The Laguna Beach City Council voted Tuesday night to update a 2009 resolution declaring a “state of shelter crisis” for local homeless people in order to satisfy requirements for a state grant.
The city plans to apply for a share of the Homeless Emergency Aid Program, a $500-million block grant to be apportioned among cities and counties statewide. It was unclear how much money the city will request from the grant, though the council approved $547,000 for the Alternative Sleeping Location shelter, or ASL, this fiscal year.
During public comments, council candidate Paul Merritt expressed concern with the plan to move forward on the grant, saying Laguna Beach “already supports a huge disproportion of homeless.”
“It looks like we’re already supporting two to three times the amount of homeless [people] that any other city in Orange County is,” Merritt said.
City Manager John Pietig agreed but said the resolution is not a promise to allocate more money toward new homelessness projects.
“All this item does tonight is reapprove the same resolution that will hopefully make us eligible for funding,” Pietig said. “But there’s a lot going on in the county, and we agree that the [neighboring] cities should absolutely do more.”
‘Graffiti warrior’ is celebrated at meeting
A Laguna Beach resident known as the “graffiti warrior” was honored at Tuesday’s council meeting for his efforts to eradicate vandalism by taggers across the city.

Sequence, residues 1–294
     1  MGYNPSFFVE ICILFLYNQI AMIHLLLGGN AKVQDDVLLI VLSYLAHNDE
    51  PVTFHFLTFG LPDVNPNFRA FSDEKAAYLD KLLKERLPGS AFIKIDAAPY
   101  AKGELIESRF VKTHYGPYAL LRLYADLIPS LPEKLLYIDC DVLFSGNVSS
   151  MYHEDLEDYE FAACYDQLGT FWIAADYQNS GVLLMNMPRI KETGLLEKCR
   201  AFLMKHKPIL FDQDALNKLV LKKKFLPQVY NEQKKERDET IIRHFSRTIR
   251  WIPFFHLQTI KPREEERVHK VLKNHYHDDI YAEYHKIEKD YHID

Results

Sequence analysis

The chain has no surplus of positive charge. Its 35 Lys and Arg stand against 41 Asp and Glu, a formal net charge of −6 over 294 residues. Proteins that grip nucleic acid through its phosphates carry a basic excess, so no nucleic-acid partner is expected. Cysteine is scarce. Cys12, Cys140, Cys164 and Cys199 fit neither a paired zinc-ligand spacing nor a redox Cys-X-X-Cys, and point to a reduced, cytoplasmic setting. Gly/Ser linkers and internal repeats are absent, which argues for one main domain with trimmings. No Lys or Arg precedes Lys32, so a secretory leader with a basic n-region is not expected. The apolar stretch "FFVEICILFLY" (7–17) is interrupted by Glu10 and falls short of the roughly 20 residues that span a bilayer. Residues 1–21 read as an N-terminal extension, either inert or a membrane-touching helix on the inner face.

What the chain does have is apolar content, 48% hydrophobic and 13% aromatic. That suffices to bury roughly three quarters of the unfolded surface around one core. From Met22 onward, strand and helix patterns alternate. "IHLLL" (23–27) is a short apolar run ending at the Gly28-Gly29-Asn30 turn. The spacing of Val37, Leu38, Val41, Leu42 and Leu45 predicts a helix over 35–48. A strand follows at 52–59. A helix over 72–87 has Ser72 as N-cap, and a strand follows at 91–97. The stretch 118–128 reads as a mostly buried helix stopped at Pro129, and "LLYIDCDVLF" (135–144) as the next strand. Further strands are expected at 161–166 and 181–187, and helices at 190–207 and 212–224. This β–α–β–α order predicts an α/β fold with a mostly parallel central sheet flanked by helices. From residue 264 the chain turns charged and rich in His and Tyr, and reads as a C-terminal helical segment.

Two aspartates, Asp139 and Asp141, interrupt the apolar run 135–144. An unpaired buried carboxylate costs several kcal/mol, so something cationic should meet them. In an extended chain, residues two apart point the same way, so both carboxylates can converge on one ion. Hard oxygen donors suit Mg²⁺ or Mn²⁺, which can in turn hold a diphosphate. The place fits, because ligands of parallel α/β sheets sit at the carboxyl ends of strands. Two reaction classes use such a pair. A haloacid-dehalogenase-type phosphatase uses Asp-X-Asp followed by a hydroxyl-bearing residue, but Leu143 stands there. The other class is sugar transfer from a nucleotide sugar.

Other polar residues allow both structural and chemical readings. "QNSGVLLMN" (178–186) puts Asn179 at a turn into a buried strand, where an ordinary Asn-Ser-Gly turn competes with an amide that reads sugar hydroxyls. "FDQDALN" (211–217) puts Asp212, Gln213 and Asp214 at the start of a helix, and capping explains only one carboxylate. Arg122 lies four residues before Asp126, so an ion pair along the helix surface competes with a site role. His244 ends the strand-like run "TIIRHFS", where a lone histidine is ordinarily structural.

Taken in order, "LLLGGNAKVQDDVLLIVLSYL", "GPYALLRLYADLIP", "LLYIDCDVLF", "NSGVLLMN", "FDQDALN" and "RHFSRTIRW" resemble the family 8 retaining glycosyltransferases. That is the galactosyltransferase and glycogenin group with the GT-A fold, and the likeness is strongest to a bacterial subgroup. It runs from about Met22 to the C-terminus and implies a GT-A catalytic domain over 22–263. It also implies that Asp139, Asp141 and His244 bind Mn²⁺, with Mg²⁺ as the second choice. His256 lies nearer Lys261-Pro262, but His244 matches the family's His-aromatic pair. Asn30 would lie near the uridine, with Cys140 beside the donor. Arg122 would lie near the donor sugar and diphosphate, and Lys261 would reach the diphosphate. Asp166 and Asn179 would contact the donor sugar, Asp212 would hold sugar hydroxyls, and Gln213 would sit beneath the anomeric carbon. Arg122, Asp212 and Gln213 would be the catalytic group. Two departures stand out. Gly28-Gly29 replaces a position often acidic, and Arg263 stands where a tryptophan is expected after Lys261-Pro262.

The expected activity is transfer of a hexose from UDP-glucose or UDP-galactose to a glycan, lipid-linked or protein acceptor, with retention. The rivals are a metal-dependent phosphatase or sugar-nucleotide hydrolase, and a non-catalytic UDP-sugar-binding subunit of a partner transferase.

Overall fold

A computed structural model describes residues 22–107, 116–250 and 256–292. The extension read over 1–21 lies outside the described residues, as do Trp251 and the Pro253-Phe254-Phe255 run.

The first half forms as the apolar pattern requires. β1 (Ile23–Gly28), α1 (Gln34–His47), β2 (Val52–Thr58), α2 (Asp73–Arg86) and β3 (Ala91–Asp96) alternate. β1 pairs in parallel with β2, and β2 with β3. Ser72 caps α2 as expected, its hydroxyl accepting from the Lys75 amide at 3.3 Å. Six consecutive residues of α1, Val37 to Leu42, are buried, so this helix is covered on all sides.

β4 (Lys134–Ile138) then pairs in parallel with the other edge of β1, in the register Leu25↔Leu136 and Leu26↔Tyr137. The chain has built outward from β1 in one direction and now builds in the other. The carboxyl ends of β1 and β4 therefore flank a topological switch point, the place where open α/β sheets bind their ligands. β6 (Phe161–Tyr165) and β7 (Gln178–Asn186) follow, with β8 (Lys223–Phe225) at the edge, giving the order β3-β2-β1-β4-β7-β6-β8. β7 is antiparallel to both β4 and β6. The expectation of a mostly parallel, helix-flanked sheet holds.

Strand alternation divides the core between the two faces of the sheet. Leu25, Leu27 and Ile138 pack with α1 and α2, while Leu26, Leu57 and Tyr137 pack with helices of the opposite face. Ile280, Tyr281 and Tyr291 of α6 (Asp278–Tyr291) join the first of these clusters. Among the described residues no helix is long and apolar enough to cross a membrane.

Keith Kesler was given a public works hat and polo shirt. He believes he has removed more than 1,500 tags and marks in Laguna Beach but said “new ones pop up every day.”
“I just got sick of [seeing the graffiti], since my wife and I walk all over town … so I just decided I would do something about it,” Kesler said.
Kesler accomplished his feat with the help of city maintenance supervisor Wayne Chintala, who supplied him with graffiti removal materials including gloves, razors and towels.
City to seek funding related to Local Hazard Mitigation Plan
Laguna Beach will seek approval from the Federal Emergency Management Agency for the city’s Local Hazard Mitigation Plan to receive funding for non-emergency disaster assistance.
A Local Hazard Mitigation Plan is intended to uncover vulnerabilities connected to natural disasters and develop long-term plans for protecting residents and properties.
Laguna’s plan was adopted Aug. 7. The council voted Tuesday to formally adopt a resolution to apply for funding.